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Why do Rohingya people face crisis?

The systematic Rohingya persecution was brought to light after violent crackdowns by the Myanmar government in response to attacks by a group of Rohingya militants hit the headlines in 2016. Since then the military have conducted extrajudical killings, burning of Rohingya villages and mass rapes with such brutality that the UN accused them of “ethnic cleansing” and “genocide”. A study in 2018 estimated that more than 24,000 Rohingya people were killed by the Myanmar military and local Buddhists since the “clearance operations” started on 25 August 2017. The study also estimated that over 18,000 Rohingya women and girls were raped, 116,000 beaten, and 36,000 thrown into fire. As a result, about 740,000 Rohingya people have fled to neighboring Bangladesh and are forced to live in refugee camps. Why are they persecuted? Is this crisis ever going to end?
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The lack of true democracy in Myanmar
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Religious Persecution
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Rohingya people are considered to be illegal immigrants in Myanmar
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The lack of true democracy in Myanmar

Under the strong influence of the military forces, the Myanmar government has failed to address the Rohingya issue. There is consensus that the former military junta (1962–2010) was one of the world's most repressive and violent regimes. Major international organisations including the UN have repeatedly condemned them for the widespread and systematic human rights violations in Myanmar, which included child soldiers, forced labor and human trafficking as well as crimes against ethnic minorities. When Aung San Suu Kyi's party won a majority in both houses in the 2015 elections, many hoped that the situation was going to improve. But it didn’t. Suu Kyi’s power is restricted under the 2008 Constitution of Myanmar and the military remains a powerful force in politics. Suu Kyi herself, a Nobel Peace Prize laureate, has drawn heavy criticism from several countries and organisations over her alleged inaction in response to the persecution of Rohingha and refusal to accept that her country’s military forces have committed genocide. The 2015 elections were touted by international monitors as free and fair, but it is worth pointing out that no parliamentary candidate was of the Muslim faith. Myanmar may have successfully led a compelling public relations campaign showcasing their political and social reforms towards democracy: the freedom of the press, the release of political prisoners, and the liberalization of its economy. But the democratic project will never be complete as long as the voices of the weakest and most discriminated continue to be unheard.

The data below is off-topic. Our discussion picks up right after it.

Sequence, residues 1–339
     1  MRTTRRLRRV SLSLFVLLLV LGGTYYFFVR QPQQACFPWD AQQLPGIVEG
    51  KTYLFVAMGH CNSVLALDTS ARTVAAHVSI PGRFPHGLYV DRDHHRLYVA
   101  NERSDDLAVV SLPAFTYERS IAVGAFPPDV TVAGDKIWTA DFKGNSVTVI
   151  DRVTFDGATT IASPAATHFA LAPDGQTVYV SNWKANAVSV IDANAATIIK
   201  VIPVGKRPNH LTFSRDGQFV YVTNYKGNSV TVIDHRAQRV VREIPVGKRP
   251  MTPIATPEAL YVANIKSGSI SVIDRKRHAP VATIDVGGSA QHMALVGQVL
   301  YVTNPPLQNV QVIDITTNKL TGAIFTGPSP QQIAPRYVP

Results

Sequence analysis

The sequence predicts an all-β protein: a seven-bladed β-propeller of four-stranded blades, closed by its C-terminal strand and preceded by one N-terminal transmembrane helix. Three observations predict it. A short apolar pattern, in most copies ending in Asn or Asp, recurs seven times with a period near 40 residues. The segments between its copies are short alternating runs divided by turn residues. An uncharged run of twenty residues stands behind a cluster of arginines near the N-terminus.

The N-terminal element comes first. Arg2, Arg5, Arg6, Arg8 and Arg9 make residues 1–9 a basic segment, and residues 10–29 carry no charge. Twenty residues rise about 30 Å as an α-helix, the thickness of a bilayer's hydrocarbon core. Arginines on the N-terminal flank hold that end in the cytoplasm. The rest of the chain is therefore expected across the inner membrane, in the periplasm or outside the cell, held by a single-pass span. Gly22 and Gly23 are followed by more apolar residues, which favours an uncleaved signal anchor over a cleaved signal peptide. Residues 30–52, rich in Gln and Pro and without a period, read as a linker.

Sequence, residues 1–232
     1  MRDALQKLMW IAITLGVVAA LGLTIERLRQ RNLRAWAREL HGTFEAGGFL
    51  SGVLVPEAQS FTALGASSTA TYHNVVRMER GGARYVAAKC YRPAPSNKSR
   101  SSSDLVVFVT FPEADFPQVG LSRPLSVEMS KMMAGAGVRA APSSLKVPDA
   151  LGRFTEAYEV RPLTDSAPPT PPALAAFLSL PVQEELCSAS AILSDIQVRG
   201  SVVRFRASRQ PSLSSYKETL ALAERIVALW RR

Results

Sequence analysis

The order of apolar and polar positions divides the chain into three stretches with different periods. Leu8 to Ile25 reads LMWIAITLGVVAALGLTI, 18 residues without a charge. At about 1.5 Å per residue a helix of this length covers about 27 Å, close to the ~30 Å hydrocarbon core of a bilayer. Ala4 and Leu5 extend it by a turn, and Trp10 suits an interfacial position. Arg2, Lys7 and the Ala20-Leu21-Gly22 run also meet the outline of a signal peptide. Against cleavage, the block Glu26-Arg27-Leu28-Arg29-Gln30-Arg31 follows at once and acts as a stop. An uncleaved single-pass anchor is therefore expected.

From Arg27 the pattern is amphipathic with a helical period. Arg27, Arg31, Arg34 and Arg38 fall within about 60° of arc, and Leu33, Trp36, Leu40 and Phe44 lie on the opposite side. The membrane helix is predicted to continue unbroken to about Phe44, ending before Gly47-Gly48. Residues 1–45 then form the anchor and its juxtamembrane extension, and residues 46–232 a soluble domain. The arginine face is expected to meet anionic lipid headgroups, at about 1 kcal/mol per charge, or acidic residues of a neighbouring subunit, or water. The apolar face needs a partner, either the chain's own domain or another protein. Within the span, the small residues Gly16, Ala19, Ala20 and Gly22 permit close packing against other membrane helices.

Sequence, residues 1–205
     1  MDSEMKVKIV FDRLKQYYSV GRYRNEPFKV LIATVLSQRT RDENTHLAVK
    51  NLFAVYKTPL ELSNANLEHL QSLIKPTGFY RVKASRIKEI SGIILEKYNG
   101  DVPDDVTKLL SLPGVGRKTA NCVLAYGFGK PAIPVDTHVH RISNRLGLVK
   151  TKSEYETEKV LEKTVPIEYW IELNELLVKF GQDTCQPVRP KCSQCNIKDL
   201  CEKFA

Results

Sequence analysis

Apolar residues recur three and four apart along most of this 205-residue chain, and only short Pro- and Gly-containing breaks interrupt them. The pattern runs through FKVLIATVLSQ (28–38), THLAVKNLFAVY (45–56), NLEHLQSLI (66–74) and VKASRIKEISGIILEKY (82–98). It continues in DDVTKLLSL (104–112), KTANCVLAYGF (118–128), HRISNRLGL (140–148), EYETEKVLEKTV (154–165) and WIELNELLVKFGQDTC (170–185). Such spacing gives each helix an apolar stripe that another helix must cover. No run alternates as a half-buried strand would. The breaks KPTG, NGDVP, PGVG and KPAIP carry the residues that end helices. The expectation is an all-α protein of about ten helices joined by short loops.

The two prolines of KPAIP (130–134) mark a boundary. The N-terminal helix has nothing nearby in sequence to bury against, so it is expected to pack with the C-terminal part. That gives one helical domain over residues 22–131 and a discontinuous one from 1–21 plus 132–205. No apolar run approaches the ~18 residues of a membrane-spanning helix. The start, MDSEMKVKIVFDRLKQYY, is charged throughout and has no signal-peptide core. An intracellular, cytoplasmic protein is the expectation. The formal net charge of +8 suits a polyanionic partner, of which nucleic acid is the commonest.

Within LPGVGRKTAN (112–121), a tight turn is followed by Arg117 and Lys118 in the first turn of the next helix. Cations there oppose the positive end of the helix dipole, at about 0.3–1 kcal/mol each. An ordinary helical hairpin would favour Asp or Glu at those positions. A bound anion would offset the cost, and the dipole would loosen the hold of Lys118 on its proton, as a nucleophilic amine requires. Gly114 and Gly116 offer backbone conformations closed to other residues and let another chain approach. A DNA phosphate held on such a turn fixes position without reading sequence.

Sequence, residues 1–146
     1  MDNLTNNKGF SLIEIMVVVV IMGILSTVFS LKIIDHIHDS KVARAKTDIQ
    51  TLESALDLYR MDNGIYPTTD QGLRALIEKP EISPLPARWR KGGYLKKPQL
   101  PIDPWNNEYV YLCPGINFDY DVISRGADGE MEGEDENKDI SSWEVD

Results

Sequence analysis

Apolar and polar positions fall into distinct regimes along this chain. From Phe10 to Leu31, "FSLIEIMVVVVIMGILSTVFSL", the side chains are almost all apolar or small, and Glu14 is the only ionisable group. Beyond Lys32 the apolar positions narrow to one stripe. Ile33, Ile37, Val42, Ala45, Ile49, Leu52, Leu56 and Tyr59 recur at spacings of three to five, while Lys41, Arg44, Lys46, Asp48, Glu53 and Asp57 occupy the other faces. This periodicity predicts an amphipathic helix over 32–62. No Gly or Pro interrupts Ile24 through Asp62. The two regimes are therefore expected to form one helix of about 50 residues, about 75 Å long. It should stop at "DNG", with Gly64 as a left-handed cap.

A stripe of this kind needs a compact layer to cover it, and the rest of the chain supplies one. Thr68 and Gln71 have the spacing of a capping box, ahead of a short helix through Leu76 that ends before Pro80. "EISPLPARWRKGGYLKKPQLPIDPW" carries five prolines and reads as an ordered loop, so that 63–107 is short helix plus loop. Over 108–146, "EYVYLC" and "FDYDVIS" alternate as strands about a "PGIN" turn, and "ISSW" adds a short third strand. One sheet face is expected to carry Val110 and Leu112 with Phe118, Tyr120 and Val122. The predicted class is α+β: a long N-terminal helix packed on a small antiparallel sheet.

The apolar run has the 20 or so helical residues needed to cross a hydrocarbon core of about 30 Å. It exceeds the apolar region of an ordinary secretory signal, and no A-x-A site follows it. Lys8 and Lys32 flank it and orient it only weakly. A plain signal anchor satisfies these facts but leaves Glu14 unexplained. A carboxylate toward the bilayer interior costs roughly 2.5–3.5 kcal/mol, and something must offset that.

cfr.org/backgrounder/rohingya-crisis thediplomat.com/2012/10/the-rohingyas-place-in-a-democratic-burma